Cuban-born decorator Waldo Fernandez first caught the eye of Hollywood royalty after working as an assistant set designer at 20th Century Fox in the 1970s. After establishing a showroom in Los Angeles, he landed his first big interior design job, for film director John Schlesinger, and has since decorated for such Tinseltown bigwigs as the late Elizabeth Taylor and Brad Pitt and Angelina Jolie.
Now Hamptons house-hunters curious about how to live like a decorator have their chance: Fernandez’s own East Hampton contemporary is on the market. With the silken ambiance of a Thai temple, the 6,000-square-foot home includes a black granite–lined infinity pool and guesthouse set just blocks from the ocean. Centered on a lotus-filled pond with deep verandas surrounding the house on all sides, the compound is reached via a bamboo-lined drive and features a sky-bridge that leads from the main house to a music room and a combined media/living area complete with a massage room. Cee Scott Brown and Jack Pearson of Corcoran Group Real Estate are representing the property, listed at $9.5 million.
On Further Lane, another lovely home has just come on the market, this one dressed up by designer Scott Sanders, who lives here with his partner, power attorney Peter Wilson. Listed for $21.5 million with Patricia Wadzinski and Edward Petrie of Sotheby’s International Realty, the resort-like 3.2-acre property includes a 7,400-square-foot residence with five bedrooms, five full baths, and three partial baths, a terraced 50-by-16-foot gunite pool, a spa, a hidden tennis court, and a Japanese tea house–style pool house with its own kitchen, bath, and gym. Wilson purchased the traditional shingled home ten years ago, before meeting Sanders, who has graced the interiors with his trademark classic furnishings and colorful accents.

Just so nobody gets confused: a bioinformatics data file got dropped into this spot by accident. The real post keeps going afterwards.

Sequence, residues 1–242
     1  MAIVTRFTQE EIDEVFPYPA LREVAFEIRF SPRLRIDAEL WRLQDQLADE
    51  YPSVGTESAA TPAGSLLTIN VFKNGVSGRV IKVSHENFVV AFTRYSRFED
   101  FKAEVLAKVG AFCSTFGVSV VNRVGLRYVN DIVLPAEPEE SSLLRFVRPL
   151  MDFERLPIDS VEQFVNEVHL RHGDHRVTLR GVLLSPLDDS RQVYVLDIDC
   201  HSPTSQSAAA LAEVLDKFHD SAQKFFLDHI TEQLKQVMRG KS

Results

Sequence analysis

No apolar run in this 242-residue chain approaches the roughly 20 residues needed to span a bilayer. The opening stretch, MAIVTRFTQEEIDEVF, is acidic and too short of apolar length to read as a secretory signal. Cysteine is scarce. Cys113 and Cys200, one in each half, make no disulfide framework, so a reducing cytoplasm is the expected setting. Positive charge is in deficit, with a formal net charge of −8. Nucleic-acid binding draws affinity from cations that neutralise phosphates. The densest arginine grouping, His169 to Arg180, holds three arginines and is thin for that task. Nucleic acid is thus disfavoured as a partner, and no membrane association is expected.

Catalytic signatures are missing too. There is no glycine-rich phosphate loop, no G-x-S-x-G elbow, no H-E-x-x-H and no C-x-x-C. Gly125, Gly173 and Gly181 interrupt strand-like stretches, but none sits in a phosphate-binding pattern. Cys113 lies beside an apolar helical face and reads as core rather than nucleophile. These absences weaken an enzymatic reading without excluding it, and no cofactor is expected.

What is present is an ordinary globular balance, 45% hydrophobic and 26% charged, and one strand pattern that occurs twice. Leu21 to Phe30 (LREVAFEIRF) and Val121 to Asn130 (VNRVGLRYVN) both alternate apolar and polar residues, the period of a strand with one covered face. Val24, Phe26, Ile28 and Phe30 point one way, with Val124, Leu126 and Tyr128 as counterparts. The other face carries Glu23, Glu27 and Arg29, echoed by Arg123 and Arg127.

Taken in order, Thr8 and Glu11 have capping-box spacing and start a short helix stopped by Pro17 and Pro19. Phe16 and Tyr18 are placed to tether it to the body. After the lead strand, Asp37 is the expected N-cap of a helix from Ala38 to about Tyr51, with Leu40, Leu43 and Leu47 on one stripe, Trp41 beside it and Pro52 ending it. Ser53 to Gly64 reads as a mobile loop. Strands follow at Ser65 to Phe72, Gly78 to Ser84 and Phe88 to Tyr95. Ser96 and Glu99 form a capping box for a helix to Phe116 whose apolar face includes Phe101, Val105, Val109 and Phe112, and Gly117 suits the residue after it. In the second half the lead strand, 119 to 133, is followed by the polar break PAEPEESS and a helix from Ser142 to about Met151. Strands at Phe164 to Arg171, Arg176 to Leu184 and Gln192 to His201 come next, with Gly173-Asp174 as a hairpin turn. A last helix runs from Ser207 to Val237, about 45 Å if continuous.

“We’re homebodies,” says Sanders, who was the lead designer of Ralph Lauren Home before going out on his own. “We live right near the beach, but never get there.” The decor inspiration behind their secluded getaway? “Nautical mixed with Asian. Peter grew up in Taiwan and loves anything with Far East influences.” Sanders warmed up the sprawling space with fabrics and wall coverings in multiple textures and different themes for the bedrooms—one mid-20th-century, one Chinese, and one Palm Springs, all boldly swathed with decorative wall treatments from design firm Phillip Jeffries and East Hampton–based Elizabeth Dow.
Longview, the 15,000-square-foot hilltop estate in Water Mill, has almost everything money can buy, and then some: nine bedrooms, nine full baths, four partial baths, a double-entry 52-foot-long pool, a pool pavilion, a home theater, a painting studio, and a sunken tennis court, all on 4.3 acres with views of the ocean. At $13.5 million, it’s practically a bargain. (Deborah Srb of Sotheby’s International Realty has the listing.) Designer Tom Fleming, a partner with the late Keith Irvine in Irvine & Fleming for almost 50 years, has a long relationship with the current owners. “I’ve known them more than 30 years, and we’ve done many projects, from office spaces to a home in Southampton,” says Fleming, who complemented the house’s custom-crafted elements with an array of vibrant upholstery fabrics.